frontier literature, the following specifications of the loss function have been frequently used:
Both Farrell‘ and the DEA approach3 used the formulation (2b) to minimize the loss
function L ( 4 , p )= xkp - yk, assuming that the reference unit k has the highest probability of
realizing a zero loss level. Timmer4 and Johansen’ used the formulation (2a) to minimize the
average loss function g = Z’P - j j , where Z, j j denote the respective averages of inputs and
output. The formulation (2c) is based on the least squares norm, which is appropriate if the
loss vector 4 follows a normal distribution.
Note that one common assumption underlying all the three specifications above is that the
probability p = ( p i ) of the random state of nature is known. In reality, however, this is rarely
the case. Trimmer equated the sample means of inputs and output as estimators of the
population means and minimized the mean loss function g = X’p - J . For each objective
function g k = xtP for the kth reference unit in (I), the DEA model assumes the probability
p k to be one; hence this yields the result that if unit k is not efficient for the model having
pk = 1, it cannot be efficient for any other model having an objective function: min gr = x : p
where r # k. The case of incomplete knowledge about the random states of nature can be
handled in two different ways. One is to introduce partial information as a compromise
between complete ignorance and complete knowledge about the probabilities pj and thereby
assume that the DM can rank the random states of nature in terms of their probabilities, e.g.
pl 2 pz 2 ... 2 pn. This line has been developed by Fishburn6 and Kmietowicz and Pearman,’
who have derived optimal sets of decision rules incorporating the incomplete information in
a partial order as above. A second method of incorporating partial information is to allow it
as prior information before deriving the estimates of the unknown probabilities p j of the
random states of nature. Note that Timmer4 does precisely this in his method of moments
approach when he replaces the population means of inputs and output by their sample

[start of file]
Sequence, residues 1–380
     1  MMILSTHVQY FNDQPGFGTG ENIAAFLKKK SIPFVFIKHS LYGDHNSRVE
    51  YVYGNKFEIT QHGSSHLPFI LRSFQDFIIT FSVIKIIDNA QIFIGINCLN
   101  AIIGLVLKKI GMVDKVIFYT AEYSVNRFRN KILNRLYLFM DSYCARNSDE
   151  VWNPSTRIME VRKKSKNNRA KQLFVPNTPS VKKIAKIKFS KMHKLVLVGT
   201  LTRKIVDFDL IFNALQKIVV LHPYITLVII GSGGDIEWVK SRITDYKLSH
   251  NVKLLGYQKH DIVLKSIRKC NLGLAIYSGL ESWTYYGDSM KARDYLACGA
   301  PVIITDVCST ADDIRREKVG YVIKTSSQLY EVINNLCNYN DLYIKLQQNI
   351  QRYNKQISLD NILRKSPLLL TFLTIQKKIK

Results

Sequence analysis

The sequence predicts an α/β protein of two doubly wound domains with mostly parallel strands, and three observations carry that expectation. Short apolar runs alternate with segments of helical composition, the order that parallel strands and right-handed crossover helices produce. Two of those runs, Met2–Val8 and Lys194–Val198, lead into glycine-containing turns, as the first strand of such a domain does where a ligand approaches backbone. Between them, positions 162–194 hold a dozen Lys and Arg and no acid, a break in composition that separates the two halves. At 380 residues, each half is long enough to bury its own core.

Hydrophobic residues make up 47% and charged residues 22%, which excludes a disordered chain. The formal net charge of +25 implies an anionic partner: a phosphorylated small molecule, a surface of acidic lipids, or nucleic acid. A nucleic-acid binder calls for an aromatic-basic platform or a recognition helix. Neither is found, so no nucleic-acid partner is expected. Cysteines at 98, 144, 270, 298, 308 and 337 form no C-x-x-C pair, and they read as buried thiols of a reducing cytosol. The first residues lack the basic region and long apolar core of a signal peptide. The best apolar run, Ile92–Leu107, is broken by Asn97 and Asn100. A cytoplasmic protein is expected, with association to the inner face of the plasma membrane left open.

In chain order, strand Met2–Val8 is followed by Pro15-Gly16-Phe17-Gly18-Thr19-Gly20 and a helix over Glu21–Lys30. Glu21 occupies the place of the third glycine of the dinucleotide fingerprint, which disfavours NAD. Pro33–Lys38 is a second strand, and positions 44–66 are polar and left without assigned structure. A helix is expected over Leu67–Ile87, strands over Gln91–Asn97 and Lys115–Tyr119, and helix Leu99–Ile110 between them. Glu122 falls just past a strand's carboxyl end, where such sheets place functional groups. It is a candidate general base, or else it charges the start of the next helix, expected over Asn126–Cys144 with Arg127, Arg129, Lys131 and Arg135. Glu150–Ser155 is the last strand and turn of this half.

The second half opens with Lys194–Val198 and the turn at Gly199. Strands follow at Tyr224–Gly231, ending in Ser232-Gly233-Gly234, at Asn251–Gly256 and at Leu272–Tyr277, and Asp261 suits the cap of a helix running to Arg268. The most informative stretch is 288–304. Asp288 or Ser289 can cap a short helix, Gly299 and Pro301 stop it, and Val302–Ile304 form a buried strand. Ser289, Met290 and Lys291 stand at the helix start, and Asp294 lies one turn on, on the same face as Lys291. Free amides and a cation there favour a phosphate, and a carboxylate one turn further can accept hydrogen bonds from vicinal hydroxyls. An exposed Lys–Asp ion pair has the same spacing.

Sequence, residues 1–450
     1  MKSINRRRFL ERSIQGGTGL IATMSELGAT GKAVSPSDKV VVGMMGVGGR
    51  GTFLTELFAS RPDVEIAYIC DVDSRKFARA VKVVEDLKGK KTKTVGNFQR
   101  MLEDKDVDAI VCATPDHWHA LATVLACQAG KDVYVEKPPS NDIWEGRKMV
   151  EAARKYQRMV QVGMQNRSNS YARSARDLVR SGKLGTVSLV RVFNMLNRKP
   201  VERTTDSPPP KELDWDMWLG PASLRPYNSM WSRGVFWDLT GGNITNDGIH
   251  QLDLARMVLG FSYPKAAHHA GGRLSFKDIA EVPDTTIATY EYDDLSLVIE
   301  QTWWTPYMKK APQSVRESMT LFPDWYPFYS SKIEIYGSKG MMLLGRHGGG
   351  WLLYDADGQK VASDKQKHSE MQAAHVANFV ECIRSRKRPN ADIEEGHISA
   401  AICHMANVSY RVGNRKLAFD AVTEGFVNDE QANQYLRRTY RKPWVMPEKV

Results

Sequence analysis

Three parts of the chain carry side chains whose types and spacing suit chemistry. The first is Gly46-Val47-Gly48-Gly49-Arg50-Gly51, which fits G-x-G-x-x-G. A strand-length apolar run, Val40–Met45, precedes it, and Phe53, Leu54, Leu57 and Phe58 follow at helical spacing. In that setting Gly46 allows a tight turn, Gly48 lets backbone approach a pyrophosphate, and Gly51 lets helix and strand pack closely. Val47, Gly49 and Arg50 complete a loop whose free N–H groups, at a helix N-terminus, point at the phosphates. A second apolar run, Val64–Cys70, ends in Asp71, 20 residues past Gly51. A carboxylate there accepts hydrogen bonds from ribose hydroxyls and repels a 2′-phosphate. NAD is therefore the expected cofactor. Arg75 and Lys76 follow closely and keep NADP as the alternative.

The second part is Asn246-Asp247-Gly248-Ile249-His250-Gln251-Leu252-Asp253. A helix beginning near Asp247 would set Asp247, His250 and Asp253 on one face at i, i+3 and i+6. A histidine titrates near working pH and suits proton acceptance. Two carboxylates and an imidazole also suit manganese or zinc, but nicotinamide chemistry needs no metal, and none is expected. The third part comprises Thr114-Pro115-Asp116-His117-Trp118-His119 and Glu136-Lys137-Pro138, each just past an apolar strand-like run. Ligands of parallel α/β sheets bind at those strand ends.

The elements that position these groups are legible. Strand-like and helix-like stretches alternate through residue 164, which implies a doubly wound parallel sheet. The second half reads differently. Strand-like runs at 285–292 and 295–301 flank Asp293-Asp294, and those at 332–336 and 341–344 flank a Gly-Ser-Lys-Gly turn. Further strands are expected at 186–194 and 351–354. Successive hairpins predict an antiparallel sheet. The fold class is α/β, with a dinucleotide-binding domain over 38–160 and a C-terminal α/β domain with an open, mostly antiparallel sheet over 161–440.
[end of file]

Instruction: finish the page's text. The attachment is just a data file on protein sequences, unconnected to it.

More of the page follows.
counterparts. Recently Kopp and Mullahy have introduced higher-order sample moment
restrictions (e.g. sample moments of orders two to four) as a basis for identifying and
estimating the technical efficiency parameters. In particular, they have empirically tested the
reasonableness of the assumption of a half normal distribution for the error terms
e, = x,!p - yj in the cost data for the U.S. electric; power industry. Their empirical results failed
to support the hypothesis of a half-normal specification. This suggests the need to approximate
the most appropriate distribution generating the input-output data set. Information theory
with its entropy approach provides a most convenient method for approximating the true
distribution underlying the data set.
Now consider Timmer’s transformation (2a) of the DEA model, where the probabilities p j
of the random states of nature generating the output data are not completely known. We
assume, however, that sample observations on output are available and we assume that the
sample information is given by the sample moments as in the method of moments. For
simplicity, we assume that the first moment, i.e. the sample mean, is given by
2P i Y j = i
where i; is the sample mean output. Given this prior information, ji, one may now ask: ‘Which
way of assigning the prior probabilities p j in the output distribution makes the fewest
assumptions?’ Since the estimated distribution should be widely applicable, statistical decision
theory suggests that we choose the most uninformative distribution. As a measure of
uninformativeness the concept of entropy has been frequently applied, where entropy
associated with a distribution for example is defined as follows:
H = - C p j In p j
(discrete case)
[ p ( y )In p ( y ) ] d y
(continuous case)
Here entropy H can be interpreted in two ways: either as a measure of average
uninformativeness (i.e. prior uncertainty)
_ . in the random states of nature, or as the average
information obtained when a given realization of the state of nature is observed. In either case,
we maximize entropy W under the prior information summarized by the first sample moment
condition ji. This yields the maximum entropy (ME) principle for determining the probabilities
On solving this nonlinear programming problem (NLP) one obtains the exponential density
Pj = (I/@) ~ X P( - Y j / i ) ; Y j 2 0
This may be called an optimal density, since it maximizes entropy subject to the given prior
knowledge. Several interesting extensions of this approach may easily be conceived. First, prior
knowledge in the form of sample moments of orders higher than one may be assumed to be
known and in this case the DM can specify a sequential method of revising the optimal density
estimates. Secondly, the sample moment constraints are used only as summary statistics for
specifying inadequate prior knowledge. One may have to apply a criterion of goodness of fit